This week has been really interesting for me, delivering training days on a wide variety of things. I love these kind of days because they get me thinking about the best ways of doing things and how I can pass on the experience I have to other people.
Monday was a day of navigation training for Lochaber and Lorn Ramblers with Craig Mills from Cotswold Outdoor in Fort William doing some GPS training and me doing the map and compass stuff. We got the GPS units set up and went on to the High Street in Fort William to learn the basics of putting in way points and following a route before going up the back of Cow Hill to use the GPS's alongside map and compass navigation using a 3D system (Direction - Distance - Description). We all agreed that a GPS is an excellent tool in your navigation tool box but not one to be relied on by itself.
On Tuesday Jim and I did another wee session at Poldubh, training for our climb of Inaccessible Pinnacle in a few weeks. We climbed The Gutter, a four pitch grade Difficult rock climb and did a few abseils down SW Buttress. The climb is harder than what you find on Inaccessible Pinnacle and the abseiling went very smoothly and confidently so I think we will have not problem at all on Skye.
I was out with the ramblers again on Wednesday with their team of walk leaders. Ramblers walks re different to most similar groups in that the walks have a leader who is responsible for the group members. We went through the responsibilities and role of the leader, the support given by the national organisation and techniques for leading a group on a walk to keep everyone together, comfortable and motivated to come back for more walks. Much of the chat was similar to what we cover on a Summer Mountain Leader training course but most of what we were doing was sharing the great experience already in the group with all the leaders.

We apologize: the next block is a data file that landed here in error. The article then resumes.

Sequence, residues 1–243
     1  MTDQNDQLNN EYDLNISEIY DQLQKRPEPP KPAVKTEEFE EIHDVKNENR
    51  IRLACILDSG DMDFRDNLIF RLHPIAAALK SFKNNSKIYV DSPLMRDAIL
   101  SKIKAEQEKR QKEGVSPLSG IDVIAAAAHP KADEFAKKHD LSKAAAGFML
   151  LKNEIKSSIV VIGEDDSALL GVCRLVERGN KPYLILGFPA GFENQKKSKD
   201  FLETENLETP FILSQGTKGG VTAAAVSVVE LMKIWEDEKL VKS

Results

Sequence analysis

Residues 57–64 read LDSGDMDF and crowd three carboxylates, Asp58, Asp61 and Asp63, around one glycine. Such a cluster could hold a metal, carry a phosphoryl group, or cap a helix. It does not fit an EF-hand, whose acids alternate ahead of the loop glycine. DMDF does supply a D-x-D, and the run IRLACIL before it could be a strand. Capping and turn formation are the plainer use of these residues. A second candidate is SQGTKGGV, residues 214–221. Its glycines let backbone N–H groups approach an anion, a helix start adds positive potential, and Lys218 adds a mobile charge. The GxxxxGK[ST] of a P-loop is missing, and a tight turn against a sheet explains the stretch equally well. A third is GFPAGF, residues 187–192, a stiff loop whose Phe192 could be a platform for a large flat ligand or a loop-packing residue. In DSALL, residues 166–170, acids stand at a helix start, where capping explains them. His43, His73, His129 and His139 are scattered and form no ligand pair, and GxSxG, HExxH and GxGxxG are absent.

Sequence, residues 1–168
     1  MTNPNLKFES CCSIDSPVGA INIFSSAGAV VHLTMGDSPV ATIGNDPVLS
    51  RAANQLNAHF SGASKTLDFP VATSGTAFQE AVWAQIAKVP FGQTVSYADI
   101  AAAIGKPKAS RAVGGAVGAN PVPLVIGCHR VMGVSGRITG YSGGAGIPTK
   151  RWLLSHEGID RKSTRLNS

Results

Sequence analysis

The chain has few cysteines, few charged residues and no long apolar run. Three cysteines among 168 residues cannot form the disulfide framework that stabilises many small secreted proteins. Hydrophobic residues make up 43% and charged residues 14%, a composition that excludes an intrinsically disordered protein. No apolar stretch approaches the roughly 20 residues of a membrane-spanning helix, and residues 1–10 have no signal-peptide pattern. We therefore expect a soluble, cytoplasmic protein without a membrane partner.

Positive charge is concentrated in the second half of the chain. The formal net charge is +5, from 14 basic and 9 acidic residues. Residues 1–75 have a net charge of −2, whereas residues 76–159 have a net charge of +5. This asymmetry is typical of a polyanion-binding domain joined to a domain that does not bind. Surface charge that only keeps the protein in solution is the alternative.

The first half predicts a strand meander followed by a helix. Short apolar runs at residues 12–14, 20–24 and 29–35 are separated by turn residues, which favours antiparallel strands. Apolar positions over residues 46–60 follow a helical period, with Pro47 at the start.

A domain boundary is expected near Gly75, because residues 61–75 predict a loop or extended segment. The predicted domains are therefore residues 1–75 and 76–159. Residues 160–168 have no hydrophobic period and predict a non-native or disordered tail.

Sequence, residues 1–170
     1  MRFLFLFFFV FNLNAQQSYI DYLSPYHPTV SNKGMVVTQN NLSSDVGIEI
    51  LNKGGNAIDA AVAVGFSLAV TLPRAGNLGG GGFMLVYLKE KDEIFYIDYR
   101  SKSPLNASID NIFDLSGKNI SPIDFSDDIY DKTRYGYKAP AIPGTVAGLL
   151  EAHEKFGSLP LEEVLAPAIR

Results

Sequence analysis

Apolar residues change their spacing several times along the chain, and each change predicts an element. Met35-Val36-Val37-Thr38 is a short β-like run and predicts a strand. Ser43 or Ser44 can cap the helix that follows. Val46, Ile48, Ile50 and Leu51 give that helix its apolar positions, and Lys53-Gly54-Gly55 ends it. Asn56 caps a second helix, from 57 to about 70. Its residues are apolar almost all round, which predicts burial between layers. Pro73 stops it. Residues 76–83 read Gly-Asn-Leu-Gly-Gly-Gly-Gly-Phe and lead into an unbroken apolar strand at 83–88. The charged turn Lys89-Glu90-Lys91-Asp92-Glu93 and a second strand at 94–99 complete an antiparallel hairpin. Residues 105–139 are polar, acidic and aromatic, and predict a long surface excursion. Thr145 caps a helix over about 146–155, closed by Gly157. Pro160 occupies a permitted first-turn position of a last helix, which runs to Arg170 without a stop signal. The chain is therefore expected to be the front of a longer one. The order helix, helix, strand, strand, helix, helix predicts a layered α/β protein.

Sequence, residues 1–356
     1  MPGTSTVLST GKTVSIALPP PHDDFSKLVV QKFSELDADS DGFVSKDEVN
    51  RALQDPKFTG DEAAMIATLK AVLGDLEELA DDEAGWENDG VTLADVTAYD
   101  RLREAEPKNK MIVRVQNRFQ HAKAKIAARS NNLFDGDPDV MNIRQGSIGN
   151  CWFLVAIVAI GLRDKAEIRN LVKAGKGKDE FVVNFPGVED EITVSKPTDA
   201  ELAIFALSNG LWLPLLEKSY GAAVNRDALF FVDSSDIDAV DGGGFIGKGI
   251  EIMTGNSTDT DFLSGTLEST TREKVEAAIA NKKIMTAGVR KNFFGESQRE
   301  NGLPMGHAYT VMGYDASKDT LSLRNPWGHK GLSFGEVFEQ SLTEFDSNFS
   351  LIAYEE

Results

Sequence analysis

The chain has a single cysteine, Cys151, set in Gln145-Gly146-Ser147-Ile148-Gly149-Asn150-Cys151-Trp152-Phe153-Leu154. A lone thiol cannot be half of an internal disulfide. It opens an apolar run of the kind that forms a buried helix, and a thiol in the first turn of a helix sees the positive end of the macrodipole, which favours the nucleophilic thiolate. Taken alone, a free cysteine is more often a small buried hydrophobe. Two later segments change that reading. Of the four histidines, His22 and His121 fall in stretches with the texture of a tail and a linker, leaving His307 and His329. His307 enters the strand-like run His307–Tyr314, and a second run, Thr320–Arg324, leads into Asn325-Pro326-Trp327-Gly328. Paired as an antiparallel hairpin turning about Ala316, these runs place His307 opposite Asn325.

Yesterday and today were training days with students on the Adventure Tourism Management degree course at West Highland College. Kate, Magnus and Brodie are competent rock climbers but they need to learn a few tricks to sort out problems they might come across and rescues they might need to do on the crag. Yesterday we spent a lot of time getting used to prussic knots, their characteristics, strengths and weaknesses before prussicing up and down a rope, up past a knot and abseiling down over a knot. We went on to looking after a partner, lowering them down past a knot, hoisting and lowering while using a belay plate in guide mode Today we continued with hoists in the system, escaping from the system with anchors within and out of reach, and rescuing a stuck abseiler. We all have sore hands from pulling on ropes and sore brains from so much problem solving but we're all much better in a crisis on a rope now!
Up on Ben Nevis today it was very wintry for Scott and Tomas climbing The White Line and for Jamie and Leanne in Number Two Gully. We had fresh snow down to 400m or so this morning and a biting wind on top made it feel more like February than April. The snow cover is still extensive and showing little sign of going anywhere.
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Self reliance is a fundamental principle of mountaineering. By participating we accept this and take responsibility for the decisions we make. These blog posts and conditions reports are intended to help you make good decisions. They do not remove the need for you to make your own judgements when out in the hills.